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Lunar New Year’s Eve: Vietnam's party time

Friday, January 24, 2020, 16:35 GMT+7
Lunar New Year’s Eve: Vietnam's party time
Foreigners watch a fireworks display in Hoi An City, Quang Nam Province, Vietnam on January 1, 2019. Photo: Tuoi Tre

This is it, the Biggy, the grand stress reliever of the year. It’s over; that weird nightmarish year that’s finished. Finally, we’ve got something new to look forward to!

We’re talking midnight mile-long motorbike jams in Ho Chi Minh City, firework displays to wow the kids and terrify the dogs, and a heck of lot of ‘mot, hai, ba, yo’ heard in the bars and cafés of every tiny village in Vietnam.

It occurs on the evening of the 24th of January in 2020. And the nation goes wild.

This is where the mobile phone networks go into meltdown five minutes past midnight and your drink order is a ten-minute wait. It’s the moment you either thank your lucky stars that you’re single or in a relationship and not the best time to start something new or dump something old! (That comes later when you’re capable of thinking straight again…)

Vietnam’s Lunar New Year holiday starts on the 25th of January and runs to the 29th. However, with people traveling to their hometowns and the weekends involved, you could just as easily say it will be about ten days off from work!

In the month preceding Tet (pronounced more like ‘tek’) as it’s called, the whole nation goes into a slow meltdown of services and ability to get things done as family and home matters take precedence over work responsibilities and everyone’s on the hustle to raise money for gifts, house painting, travel, and new clothes.

It is the Year of the Rat (or as I prefer… the Mouse – it’s cuter!) and apparently people born in this zodiac sign work hard and are good at saving money, diligent, and positive!

You’ll need to plan for this event as getting around on the night is difficult in the major cities as 50 million motorbikes spill into the streets, taxis are doing a roaring trade, and your best bet is to choose a venue and stay put! For the lucky ones (like me) living on the coastline – it’s easier just to head to the beach and party on into the wee hours of the morning. 

It’s a breath of relief for the Vietnamese after spending most of January preparing for Tet and simply for letting go of all the stress and worries of the past year. Red and yellow are everywhere as folks believe those colors bring good fortune. They probably will need some after blowing so much money on lucky envelopes for the kids and paying off their debts, an old tradition that has a lot to do with not carrying problems into the New Year. Maybe my old foes might finally pay back all that money they owe me!

Most of us will be familiar with 'Chúc Mừng Năm Mới' (Happy New Year) but there are some other good phrases to use as well. You could say, 'Tiền vô như nước' (money flows in like water) or 'Vạn sự như ý' (rough translation: may many things go your way – the ‘ý’ by the way is pronounced like ‘ee’).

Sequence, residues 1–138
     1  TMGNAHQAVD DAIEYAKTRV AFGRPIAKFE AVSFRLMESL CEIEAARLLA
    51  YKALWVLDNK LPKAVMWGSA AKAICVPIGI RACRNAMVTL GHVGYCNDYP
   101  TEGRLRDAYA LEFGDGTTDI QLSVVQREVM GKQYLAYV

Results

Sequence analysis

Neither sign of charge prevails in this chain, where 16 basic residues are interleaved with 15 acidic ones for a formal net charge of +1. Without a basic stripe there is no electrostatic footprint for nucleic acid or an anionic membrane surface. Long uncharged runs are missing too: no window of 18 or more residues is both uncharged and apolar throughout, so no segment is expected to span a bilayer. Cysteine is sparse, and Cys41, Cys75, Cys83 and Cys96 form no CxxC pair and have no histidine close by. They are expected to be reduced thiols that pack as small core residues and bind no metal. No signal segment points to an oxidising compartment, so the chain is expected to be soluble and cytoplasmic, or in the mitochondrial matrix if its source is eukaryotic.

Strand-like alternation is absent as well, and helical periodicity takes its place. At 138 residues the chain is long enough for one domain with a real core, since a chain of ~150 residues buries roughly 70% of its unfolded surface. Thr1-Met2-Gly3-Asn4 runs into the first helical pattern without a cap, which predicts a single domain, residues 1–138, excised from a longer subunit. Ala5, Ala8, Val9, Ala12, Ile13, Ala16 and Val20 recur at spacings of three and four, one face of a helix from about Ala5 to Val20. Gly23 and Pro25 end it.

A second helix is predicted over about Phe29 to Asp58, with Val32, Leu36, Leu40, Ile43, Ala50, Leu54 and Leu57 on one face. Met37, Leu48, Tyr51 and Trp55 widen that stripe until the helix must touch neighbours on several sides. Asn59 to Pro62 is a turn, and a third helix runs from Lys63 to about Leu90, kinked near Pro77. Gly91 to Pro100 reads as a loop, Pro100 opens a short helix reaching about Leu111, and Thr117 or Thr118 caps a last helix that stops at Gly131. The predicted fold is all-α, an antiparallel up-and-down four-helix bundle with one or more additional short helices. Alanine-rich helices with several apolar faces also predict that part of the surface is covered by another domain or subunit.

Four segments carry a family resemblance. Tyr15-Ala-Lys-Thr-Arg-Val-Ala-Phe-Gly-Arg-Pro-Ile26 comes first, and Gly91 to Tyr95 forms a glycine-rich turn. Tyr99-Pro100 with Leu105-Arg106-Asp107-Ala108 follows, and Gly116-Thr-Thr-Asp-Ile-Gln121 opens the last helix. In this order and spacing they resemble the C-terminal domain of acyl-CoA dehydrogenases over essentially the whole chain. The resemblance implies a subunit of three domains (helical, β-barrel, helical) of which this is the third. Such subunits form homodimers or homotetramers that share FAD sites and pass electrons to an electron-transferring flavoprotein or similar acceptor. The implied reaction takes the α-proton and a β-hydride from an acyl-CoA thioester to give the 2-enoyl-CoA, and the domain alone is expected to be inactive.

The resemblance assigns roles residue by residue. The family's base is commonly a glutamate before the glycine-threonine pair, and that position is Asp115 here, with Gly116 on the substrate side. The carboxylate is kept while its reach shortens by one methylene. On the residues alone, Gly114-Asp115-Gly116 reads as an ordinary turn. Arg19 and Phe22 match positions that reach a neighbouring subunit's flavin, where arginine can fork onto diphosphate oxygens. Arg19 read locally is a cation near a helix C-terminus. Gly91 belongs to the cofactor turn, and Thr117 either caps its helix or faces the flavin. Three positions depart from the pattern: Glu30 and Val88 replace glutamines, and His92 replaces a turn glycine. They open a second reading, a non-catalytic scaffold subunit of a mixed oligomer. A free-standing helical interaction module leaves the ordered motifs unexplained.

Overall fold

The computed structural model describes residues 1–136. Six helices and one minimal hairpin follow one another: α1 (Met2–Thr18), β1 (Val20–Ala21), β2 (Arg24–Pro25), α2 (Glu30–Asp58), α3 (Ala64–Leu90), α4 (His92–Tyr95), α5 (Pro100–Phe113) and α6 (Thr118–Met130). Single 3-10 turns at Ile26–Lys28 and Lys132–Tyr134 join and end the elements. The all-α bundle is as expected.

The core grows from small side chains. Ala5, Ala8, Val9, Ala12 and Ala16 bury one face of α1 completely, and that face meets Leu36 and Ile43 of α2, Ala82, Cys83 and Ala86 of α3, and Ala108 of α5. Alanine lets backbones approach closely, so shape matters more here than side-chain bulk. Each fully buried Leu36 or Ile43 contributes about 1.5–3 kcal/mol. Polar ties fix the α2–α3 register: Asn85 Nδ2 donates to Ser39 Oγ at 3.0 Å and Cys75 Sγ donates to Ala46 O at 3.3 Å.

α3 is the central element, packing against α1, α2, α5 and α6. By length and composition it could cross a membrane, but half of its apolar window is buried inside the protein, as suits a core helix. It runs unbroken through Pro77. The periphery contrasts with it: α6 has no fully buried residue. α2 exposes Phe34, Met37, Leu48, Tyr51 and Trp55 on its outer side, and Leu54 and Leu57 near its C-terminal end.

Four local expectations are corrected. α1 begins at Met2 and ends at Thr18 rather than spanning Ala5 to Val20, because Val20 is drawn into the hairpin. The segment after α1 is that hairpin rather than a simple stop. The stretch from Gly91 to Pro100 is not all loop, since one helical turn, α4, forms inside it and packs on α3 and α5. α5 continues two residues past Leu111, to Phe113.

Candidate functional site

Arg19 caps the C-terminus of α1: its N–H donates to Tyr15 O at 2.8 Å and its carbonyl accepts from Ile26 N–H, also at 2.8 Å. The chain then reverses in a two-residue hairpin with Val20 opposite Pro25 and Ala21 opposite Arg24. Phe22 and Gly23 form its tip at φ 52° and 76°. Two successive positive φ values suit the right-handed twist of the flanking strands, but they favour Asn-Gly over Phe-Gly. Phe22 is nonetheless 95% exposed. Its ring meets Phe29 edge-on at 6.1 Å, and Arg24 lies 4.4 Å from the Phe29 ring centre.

Of course, there’s all the food and drink you can eat, but also the fireworks in many cities. Be warned, it gets really crowded! Since it’s been a particularly dry weather year in Vietnam, I expect the night will be hot, humid and noisy as hell.

Careful after midnight as the young Vietnamese like to ride their motorbikes around and around, so crossing roads gets a little bit hazardous!

A popular trend as more Vietnamese can afford to is to head out of town to Da Lat or the beach cities such as Nha Trang, Da Nang, and little old Hoi An and, over the days after New Year’s Eve, travel the country back to their hometowns instead of heading directly there as in the past.

I think the hardest part will be finding a suitable spot for a selfie as everyone flocks to the nearest empty place to take a snap. Oddly the backgrounds are rarely taken into consideration but I suppose you can’t have ‘perfect’ on the night! So check your camera battery before you go out!

Personally I think 2019 was a pretty weird year, for me as well as the world and we’ll be glad to see the back of it. So partying hard this time around will have a stronger, more urgent feel to it. 

Fortunately for the Vietnamese, the nation is going strong and that’s a far more cheerful prospect than most of the world. But that’s been well deserved after so much hard work in 2019. 

Most of us won’t remember or think about that on the night but I thought it was worth mentioning.

Anyway…’tis the night to inspire us all and have fun so as C.S. Lewis (a famous writer) said, "You are never too old to set another goal or to dream a new dream."

I’ll drink to that…!

Stivi Cooke / Tuoi Tre News Contributor


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